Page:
How to make a penny saved a penny earned.

We all know the phrase “a penny saved is a penny earned”.  That phrase probably meant something 30 years ago when a penny could actually buy something, and back when we actually physically had pennies as opposed to credit cards.  That said, there is a way to bring the idea back to relevance.  Open up a bank account that you can make deposits into for free (the account must be free too), whether it is at your current bank or maybe at your brokerage, and set it up to where you can transfer money from your primary bank account to this new bank account.  Any time you consciously save money, whether it is by not drinking a glass of wine at dinner, not purchasing that $100 shirt you have wanted but don’t really need, or cancelling cable, take that saved money and then move it to your new “pennies earned” bank account.  You can likely even do this using your phone, and you may end up moving a little bit of money to the penny saved account every day as a result of your choices.  If you stick with it, you will be amazed at how much money you have saved over time.  Then, every few months, take that money and put most of it in your emergency fund or investments, and use the rest to splurge on a nice meal or that $100 shirt I mentioned above, which will now be a guilt-free purchase!

How to make credit cards work for you. 

One of my first goals with my clients is to help them get out of credit card debt.  High annual fees, high interest rates and reduced credit scores are all significant detriments of having credit card debt.  Once you are able to get out of credit card debt, however, it becomes time to make your credit cards work for you.  There are many credit cards that will pay you cash back of 1% and some up to 5% on your purchases, all without an annual fee.  So long as you pay off the card each month, then you can use those cards to get hundreds, if not thousands, of dollars back each year.

There are many websites that will help you sort through the best rebate or cash back credit cards, and I am happy to help you with the process as well, but here are a couple of general ideas.  First, find a credit card that will pay you cash back on all of your purchases.  Currently, our Amazon credit card through Visa pays us 3% cash back on purchases, 2% on gas, dining and drugstores, and 1% on everything else.  I believe we can get the “cash back” in the form of a statement credit, but we just apply it towards purchases at Amazon.  What you do not want, ideally, is a “cash back” card that only lets you get the cash once a year or only lets you use it on purchases at certain stores, which I think is the case with our Banana Republic credit card.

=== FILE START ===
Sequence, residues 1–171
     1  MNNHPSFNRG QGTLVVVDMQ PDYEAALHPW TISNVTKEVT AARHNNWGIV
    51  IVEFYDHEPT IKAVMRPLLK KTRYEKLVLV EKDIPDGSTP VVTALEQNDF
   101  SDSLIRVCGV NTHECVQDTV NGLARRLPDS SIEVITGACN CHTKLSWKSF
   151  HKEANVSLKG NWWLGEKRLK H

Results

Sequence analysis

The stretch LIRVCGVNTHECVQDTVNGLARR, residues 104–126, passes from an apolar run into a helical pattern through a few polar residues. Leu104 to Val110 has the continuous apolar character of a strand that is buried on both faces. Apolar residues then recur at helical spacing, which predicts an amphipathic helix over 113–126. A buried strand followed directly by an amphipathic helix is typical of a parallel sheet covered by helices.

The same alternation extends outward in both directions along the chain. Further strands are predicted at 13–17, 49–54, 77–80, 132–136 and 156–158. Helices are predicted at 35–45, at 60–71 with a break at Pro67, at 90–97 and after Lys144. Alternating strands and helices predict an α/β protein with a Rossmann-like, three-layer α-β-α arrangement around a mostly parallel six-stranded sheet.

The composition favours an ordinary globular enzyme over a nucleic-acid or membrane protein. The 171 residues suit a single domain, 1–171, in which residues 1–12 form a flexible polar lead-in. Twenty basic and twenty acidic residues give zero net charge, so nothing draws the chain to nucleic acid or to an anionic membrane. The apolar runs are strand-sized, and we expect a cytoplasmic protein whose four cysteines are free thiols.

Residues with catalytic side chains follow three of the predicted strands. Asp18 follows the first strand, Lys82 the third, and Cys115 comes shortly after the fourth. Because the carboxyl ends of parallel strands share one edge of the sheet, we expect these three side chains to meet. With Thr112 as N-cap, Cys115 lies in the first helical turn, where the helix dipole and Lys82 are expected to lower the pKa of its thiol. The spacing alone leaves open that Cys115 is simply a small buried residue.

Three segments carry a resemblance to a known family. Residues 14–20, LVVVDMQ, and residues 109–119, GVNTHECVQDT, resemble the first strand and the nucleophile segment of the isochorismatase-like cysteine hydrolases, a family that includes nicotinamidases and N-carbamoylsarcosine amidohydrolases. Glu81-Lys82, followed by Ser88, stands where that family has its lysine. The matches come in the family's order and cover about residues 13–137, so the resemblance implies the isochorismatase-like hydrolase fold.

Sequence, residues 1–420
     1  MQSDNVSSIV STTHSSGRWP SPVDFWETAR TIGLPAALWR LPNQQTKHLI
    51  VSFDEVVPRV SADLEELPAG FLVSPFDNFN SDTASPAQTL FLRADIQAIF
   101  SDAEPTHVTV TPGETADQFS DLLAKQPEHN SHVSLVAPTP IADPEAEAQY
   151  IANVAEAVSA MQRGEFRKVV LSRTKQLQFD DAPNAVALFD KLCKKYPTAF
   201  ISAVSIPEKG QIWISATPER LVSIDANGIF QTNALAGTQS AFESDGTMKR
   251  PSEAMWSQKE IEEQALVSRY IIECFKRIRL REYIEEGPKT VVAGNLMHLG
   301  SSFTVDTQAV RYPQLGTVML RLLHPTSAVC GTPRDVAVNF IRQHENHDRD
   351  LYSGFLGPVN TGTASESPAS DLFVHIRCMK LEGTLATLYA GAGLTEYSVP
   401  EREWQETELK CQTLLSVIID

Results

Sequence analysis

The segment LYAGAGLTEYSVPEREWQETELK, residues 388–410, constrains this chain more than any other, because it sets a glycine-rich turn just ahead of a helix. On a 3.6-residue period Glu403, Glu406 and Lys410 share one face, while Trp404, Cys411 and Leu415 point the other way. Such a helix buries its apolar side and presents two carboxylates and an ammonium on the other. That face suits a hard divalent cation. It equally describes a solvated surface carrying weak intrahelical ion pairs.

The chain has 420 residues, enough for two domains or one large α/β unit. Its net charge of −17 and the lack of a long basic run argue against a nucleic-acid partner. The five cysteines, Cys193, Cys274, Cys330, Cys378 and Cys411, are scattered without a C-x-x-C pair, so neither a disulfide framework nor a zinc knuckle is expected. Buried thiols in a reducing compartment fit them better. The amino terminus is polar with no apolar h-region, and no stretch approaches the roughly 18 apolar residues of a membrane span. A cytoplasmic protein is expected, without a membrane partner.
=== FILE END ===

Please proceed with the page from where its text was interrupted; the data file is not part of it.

Second, if you shop frequently at a certain store, or fly frequently with a certain airline, then consider getting a credit card with that company, as often you can get discounts on your purchases, cash back on your purchases, and then discounts on your use of your rewards, such that you may be able to get the equivalent of 5% or better in terms of savings.  Just make sure that you do not accumulate too many points or credits on those cards such that you won’t be able to use them.  For us, we obtained an American Airlines card for our flights to Chattanooga and the beach (so we are guaranteed to use the points at least twice a year), and we promptly made enough purchases on that card to qualify for a free flight or two.  Now that we have mostly maxed-out the benefits of that card until we can use the bonus points, we are going to switch back to the Amazon card.

How to Save Time Online.

If you are anything like me, you have over 100 online accounts, with their various usernames and passwords.  The problem is that you likely only have about three passwords that you use across accounts, which is a tremendous security risk, and those passwords are unlikely to be very strong.  To solve this problem, I use a password manager called Dashlane.  For an annual fee of $40.00, Dashlane stores all of my usernames and passwords (as well as credit card information and notes if you want) and remembers them across all of my devices (desktop, laptop, tablet and cell phone).  The information is stored in a secure, encrypted format, and Dashlane automatically enters my usernames and passwords as I go to the various websites requiring the usernames/passwords, which saves a tremendous amount of time.  It tells me which of my online accounts may have been hacked or breached, encourages me to change reused passwords across accounts, can take me to the web page for each site in order to change my passwords, and even recommends (and memorizes) stronger passwords.  As a result, I can use 100 different usernames and passwords on those 100 accounts for much better security, and all I have to remember is the one password to log into Dashlane.  There is a free version of Dashlane that does not work across devices so you can try it out, and there are many competitors that are likely very comparable.